In the Sunday Times this week there was an amazing article by Florence Kerr where she spoke with some unvaccinated Māori in Hamilton. I have been unwavering in my condemnation of those who are choosing not to become vaccinated. This article stopped me in my tracks as I put myself in the minds of these people and how they have been treated by the state.
Here’s a portion of the story and I recommend that you read the whole article at the bottom:
Huddled under the table Rose* and her two younger brothers watched as police searched their home for them.
It was late at night when Child, Youth, and Family (now Oranga Tamariki) with police entered the Hamilton home to uplift six-year-old Rose and her two younger brothers.
“I remember trying to grab for my mum, but the police officer had me in a tight grip. I remember watching my mum trying to grab for me, and she was screaming. I can still hear it. That was the last time I saw my mum for years.”
That was 20 years ago, but she remembers it clearly.
At her cousin’s home in the Hamilton suburb of Enderley, the least vaccinated suburb in Hamilton, Rose recounts her first interaction with the state. It is the starting point of her mistrust in government, and the relationship hasn’t improved since.
She feels the state and its agencies have treated her like a criminal, despite having no convictions.
It’s these interactions throughout her life that have informed Rose’s decision not to get the Covid-19 vaccine. Many Māori feel the same way, even though Māori are at greater risk of severe illness and death if they catch Covid-19. Māori are also disproportionately impacted by the current Delta community outbreak.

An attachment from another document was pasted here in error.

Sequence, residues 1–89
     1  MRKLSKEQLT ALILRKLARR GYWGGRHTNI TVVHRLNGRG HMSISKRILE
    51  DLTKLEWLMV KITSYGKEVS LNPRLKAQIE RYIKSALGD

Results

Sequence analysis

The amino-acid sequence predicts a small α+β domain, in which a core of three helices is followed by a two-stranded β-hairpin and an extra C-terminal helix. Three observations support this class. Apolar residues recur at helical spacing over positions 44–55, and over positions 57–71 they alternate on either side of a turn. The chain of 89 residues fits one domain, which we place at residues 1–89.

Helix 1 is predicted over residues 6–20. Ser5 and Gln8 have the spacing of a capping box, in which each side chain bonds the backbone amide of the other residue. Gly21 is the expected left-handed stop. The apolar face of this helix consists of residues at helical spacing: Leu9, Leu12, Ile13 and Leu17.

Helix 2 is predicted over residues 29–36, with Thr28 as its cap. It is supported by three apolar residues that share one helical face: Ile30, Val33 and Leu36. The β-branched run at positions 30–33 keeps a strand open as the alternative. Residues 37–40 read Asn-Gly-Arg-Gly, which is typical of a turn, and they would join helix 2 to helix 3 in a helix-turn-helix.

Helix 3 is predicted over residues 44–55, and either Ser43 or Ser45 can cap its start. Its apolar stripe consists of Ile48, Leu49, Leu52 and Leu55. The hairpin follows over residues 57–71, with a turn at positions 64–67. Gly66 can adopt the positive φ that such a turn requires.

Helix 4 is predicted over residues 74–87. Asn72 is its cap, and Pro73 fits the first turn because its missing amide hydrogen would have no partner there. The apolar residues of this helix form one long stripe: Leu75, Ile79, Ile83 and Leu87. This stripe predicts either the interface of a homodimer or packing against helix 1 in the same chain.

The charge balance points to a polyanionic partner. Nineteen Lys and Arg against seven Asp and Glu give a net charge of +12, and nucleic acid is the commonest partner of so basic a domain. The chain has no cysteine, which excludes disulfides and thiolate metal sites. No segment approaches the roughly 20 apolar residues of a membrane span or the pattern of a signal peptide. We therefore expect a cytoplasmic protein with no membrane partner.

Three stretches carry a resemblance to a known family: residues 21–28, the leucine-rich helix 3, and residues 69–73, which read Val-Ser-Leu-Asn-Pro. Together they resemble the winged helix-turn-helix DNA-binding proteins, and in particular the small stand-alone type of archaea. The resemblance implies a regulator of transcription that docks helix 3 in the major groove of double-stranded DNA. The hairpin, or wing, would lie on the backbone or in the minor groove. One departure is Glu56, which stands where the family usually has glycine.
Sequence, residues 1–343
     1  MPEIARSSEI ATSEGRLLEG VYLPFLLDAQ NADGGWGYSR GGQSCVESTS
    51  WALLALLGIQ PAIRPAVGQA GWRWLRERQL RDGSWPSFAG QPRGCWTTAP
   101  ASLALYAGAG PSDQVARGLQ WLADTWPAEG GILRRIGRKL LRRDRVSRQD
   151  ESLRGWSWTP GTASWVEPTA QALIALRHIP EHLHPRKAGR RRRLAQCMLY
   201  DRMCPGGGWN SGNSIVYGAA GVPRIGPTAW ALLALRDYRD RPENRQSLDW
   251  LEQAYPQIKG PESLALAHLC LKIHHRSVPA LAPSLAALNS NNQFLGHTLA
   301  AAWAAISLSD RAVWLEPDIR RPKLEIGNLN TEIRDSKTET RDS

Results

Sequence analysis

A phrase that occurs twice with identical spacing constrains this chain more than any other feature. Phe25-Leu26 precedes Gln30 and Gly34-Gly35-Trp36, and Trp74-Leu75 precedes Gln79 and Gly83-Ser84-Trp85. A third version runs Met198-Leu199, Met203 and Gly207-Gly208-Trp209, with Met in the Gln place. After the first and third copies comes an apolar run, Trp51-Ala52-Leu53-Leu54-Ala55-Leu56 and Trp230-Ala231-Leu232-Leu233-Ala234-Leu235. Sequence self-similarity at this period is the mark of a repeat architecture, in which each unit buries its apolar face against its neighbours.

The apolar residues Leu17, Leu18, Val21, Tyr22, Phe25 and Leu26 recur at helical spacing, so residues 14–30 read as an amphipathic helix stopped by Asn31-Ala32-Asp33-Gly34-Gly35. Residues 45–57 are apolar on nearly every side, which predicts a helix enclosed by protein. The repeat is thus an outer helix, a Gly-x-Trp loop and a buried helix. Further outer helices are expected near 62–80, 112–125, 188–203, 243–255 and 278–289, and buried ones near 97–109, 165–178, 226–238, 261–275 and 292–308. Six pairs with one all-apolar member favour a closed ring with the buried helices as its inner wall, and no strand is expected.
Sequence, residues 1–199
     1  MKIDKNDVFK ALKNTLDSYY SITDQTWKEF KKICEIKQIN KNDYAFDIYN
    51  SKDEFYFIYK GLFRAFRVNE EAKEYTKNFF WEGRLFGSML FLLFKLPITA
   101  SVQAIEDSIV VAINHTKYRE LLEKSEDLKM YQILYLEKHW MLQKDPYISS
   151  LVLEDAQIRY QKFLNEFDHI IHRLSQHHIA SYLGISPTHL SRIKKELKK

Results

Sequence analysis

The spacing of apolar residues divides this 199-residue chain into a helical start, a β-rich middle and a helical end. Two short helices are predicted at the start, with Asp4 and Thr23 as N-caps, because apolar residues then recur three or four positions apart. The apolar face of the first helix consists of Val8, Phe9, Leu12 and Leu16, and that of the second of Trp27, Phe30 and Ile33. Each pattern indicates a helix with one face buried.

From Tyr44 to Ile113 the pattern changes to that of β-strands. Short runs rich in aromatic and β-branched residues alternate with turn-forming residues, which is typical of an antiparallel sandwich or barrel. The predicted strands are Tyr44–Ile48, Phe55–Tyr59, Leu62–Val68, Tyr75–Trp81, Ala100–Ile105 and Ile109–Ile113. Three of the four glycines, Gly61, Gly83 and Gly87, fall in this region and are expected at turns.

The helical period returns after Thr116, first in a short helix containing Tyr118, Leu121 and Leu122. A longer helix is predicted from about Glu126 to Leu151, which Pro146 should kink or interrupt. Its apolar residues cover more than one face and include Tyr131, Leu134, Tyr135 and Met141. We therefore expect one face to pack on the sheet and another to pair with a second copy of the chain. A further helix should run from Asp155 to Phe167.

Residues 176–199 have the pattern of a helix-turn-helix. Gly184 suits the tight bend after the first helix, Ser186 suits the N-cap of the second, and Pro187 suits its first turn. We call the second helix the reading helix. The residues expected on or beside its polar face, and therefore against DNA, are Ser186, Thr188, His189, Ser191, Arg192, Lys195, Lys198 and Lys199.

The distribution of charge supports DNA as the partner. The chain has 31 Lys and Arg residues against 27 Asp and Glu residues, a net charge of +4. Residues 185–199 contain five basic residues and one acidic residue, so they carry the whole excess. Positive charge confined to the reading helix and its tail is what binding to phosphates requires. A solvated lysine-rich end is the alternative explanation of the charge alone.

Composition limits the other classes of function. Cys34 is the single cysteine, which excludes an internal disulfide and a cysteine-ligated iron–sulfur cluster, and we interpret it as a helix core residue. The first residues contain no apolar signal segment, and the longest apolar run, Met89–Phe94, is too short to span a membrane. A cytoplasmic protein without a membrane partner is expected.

I always get stopped by the police even if I’m just walking and minding my business. I never feel listened to at the doctors, and I’m made to feel bad when I have to get assistance from WINZ [Work and Income],” Rose says.
“So yeah, I have no criminal record, I work when I can, but I have a new born, and sometimes I need help, but it’s never good enough for them. You know sis, it’s like I was never good enough until now when they need me to do something, and I’m like what the f….”
Rose says when the government started pushing for all Māori to be vaccinated after the Delta outbreak began, she noticed a shift in attitude from agencies. It was like night and day.
The “kindness” shown by state services was “weird” and made her suspicious.
“I was walking past a vaccination site and a police officer, who had pulled me up a few weeks earlier, must have thought I was going to get vaxed, and he gave me a high-five and tried to give my son a lollipop, but he hid behind my legs,” she says.
“I mean how do you go from treating people like s… to this. It’s like they forgot what they did for the last 20 f…ing years of my life. I don’t trust what they say, I trust their actions.”